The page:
Republican rival John McCain, a prisoner of war during Vietnam, walked a parade route in South Carolina and said he could look vets in the eye and say, "I will never let you down."
Romney, visiting a company that makes microphones for fighter pilot helmets, said changes are needed to honor the military men and women who served their country.
He has pledged to add 100,000 active-duty troops if elected president, as well as to increase spending on military gear.
He told the workers at Gentex Electro-Acoustics that updating the G.I. bill to better keep pace with inflation is needed, as are the tuition and equipment changes.
"We've got to say that the children, the college students, of our armed services personnel should always know that they're going to receive the special, lowest rate available in every state where their parents might serve so they're able to enjoy education without having to pay an excessively high cost," Romney said in this early voting state.
The innovation force, modeled after a new rapid-equipping force, "can cut down the barriers and the long process it takes to get products from, if you will, the innovation room to the place where they can be most well-used, he said.
In Beaufort, S.C., meanwhile, Arizona Sen. McCain said the U.S. is winning the war in Iraq and "our best days are ahead of us."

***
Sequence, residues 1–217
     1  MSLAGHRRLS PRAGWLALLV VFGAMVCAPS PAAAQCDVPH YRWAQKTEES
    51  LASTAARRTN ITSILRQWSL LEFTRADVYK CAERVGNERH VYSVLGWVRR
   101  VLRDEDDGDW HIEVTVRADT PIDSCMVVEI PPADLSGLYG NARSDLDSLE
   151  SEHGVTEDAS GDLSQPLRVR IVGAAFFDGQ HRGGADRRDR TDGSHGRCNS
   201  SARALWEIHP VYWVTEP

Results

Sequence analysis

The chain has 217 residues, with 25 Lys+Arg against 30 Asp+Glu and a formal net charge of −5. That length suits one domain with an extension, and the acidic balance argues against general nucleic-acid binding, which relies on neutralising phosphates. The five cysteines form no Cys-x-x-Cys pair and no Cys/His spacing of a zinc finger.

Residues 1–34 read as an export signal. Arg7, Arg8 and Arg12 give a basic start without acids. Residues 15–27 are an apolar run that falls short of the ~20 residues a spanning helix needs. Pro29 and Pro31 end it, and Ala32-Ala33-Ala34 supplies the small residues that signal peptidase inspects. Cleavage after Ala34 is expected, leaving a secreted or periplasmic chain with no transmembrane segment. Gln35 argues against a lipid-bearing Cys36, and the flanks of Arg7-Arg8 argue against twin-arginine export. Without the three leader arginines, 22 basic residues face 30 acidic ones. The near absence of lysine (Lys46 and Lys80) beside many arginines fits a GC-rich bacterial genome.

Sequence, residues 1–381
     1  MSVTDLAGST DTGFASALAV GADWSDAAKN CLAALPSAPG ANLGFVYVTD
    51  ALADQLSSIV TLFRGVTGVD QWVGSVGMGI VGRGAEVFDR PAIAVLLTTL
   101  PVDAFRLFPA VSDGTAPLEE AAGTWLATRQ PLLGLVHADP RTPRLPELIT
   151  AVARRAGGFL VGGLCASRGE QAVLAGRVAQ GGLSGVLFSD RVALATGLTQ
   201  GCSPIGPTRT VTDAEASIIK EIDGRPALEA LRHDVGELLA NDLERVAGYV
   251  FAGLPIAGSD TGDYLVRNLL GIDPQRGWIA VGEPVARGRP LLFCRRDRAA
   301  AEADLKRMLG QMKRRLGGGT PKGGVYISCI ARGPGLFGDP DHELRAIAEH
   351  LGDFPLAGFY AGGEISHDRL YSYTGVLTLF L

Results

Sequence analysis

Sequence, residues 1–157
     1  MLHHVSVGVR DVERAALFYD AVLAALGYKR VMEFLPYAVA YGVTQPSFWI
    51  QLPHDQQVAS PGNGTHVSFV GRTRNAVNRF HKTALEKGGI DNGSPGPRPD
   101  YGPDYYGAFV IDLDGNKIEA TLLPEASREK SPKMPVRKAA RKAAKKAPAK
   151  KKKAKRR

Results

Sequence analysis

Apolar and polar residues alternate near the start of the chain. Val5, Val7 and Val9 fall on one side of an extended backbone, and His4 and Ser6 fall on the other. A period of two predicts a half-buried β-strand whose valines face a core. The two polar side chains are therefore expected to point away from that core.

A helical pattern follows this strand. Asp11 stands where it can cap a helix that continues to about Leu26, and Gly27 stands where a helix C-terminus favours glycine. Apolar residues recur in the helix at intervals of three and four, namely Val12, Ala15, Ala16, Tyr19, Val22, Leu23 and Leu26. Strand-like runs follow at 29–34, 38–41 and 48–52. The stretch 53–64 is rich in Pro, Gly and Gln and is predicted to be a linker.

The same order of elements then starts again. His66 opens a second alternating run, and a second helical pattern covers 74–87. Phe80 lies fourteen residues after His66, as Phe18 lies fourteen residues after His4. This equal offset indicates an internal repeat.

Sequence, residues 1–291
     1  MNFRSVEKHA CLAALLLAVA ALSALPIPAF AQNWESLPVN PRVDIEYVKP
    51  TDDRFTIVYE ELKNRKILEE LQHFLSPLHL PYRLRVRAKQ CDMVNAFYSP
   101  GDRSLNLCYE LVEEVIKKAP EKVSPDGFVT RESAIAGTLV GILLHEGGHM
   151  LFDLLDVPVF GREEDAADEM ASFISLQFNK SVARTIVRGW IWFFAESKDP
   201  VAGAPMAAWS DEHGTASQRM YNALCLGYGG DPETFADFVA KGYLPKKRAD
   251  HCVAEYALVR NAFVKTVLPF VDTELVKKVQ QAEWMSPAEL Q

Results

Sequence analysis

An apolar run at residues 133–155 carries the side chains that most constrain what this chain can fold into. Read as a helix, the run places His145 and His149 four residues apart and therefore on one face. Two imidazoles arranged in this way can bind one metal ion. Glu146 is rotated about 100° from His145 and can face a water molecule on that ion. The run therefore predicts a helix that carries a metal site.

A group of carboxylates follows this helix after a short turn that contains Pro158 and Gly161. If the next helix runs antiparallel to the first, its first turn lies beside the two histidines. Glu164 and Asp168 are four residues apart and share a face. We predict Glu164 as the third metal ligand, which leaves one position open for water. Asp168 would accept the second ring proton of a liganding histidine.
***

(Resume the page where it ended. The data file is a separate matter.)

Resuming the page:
He urged his audience, about 200 people packed into a restaurant just off a Veterans Day parade route, to continue supporting war efforts.
McCain walked most of the nearly two-mile parade in front of a Jeep that carried his 95-year-old mother. He zigged and zagged along the parade route, shaking hands with people along the street in this coastal community.
"I think the people expect that," McCain said. Besides, he said it's good exercise.
In Plymouth, N.H., Democrat John Edwards proposed a $400 million plan to help veterans with post-traumatic stress disorder, including those recently returned from combat in Iraq and Afghanistan.
Under Edwards' plan, veterans could seek counseling for post-traumatic stress disorder outside the Veterans Health Administration system, the number of counselors would increase and family members would be employed to identify cases of PTSD.
"When they come home, they're basically left on their own. They didn't leave us on our own, and we should not be leaving them on their own," said Edwards, a former Democratic senator from North Carolina.
The Edwards campaign said the government could pay for the program through closing tax loopholes and more efficient tax collection.